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Are Bipartisan Lawmakers More Effective? (WP-21-08)

Laurel Harbridge-Yong, Craig Volden, and Alan Wiseman

The researchers confront the puzzle of why bipartisanship is alive and well in Congress, despite party polarization and rising primary election threats. The answer is remarkably simple – bipartisanship works for individual lawmakers. The authors show that members of the House and Senate from the 93rd – 114th Congresses (1973-2016) who attract a larger portion of their bill cosponsors from the opposing party are much more successful at lawmaking. Bipartisanship is linked to increases in members’ overall legislative effectiveness, and especially to moving legislation through committee and on the floor. The authors show these patterns to be robust to both majority-party and minority-party lawmakers and across congressional eras. Moreover, a clear path to attracting bipartisan cosponsors is through reciprocity, through cosponsoring others’ bills across party lines.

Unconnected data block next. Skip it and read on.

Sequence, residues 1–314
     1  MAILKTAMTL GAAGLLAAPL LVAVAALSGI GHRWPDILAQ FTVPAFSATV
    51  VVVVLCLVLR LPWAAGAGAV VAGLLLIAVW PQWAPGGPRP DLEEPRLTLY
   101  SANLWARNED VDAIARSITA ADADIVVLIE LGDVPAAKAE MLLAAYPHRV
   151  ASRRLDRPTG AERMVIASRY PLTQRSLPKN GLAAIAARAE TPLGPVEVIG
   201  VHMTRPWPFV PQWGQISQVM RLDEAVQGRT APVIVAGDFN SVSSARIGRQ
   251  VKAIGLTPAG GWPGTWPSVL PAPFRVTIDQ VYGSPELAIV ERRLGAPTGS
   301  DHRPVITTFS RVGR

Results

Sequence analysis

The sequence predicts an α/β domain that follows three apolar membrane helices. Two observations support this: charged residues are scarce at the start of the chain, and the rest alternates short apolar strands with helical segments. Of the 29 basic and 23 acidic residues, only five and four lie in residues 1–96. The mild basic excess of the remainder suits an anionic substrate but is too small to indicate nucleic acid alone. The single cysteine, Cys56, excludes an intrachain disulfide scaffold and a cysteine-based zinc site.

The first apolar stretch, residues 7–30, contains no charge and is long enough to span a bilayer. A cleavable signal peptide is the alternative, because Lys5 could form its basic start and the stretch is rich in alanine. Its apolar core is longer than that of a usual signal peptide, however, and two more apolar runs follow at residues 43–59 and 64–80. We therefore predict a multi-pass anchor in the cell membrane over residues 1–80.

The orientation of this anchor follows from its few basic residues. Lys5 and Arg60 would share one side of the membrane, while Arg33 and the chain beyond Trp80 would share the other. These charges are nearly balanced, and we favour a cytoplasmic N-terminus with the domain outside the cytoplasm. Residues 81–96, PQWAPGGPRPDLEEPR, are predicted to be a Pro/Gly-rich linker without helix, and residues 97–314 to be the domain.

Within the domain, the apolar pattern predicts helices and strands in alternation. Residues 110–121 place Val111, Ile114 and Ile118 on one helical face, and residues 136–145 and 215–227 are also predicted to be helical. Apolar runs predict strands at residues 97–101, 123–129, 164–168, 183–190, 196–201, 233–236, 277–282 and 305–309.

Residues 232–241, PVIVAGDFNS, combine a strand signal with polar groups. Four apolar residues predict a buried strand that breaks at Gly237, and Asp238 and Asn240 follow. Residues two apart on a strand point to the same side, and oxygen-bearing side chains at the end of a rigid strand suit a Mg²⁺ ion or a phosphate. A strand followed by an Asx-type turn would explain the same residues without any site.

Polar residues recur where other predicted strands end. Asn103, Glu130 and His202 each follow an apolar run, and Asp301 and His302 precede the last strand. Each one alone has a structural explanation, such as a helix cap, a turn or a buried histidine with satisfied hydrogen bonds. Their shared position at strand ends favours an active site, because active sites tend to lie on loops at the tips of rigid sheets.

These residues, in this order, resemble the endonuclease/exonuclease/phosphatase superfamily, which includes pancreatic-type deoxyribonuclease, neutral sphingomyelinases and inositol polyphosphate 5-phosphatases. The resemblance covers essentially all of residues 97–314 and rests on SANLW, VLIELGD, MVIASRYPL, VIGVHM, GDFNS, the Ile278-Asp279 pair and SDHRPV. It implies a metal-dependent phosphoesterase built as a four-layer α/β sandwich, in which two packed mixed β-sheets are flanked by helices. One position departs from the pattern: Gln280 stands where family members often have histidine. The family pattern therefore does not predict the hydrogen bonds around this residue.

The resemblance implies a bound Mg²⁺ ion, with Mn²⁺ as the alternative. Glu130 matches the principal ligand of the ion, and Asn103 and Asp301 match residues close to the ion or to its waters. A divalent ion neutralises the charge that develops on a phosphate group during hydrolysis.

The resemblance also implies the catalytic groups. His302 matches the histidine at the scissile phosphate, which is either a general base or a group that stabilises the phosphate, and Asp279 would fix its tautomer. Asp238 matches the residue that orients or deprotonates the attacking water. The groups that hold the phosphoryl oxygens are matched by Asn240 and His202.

Laurel Harbridge-Yong, Associate Professor of Political Science and IPR Fellow, Northwestern University

Craig Volden, Professor of Public Policy and Politics, University of Virginia

Alan Wiseman, Professor and Cornelius Vanderbilt Chair of Political Science, Vanderbilt University

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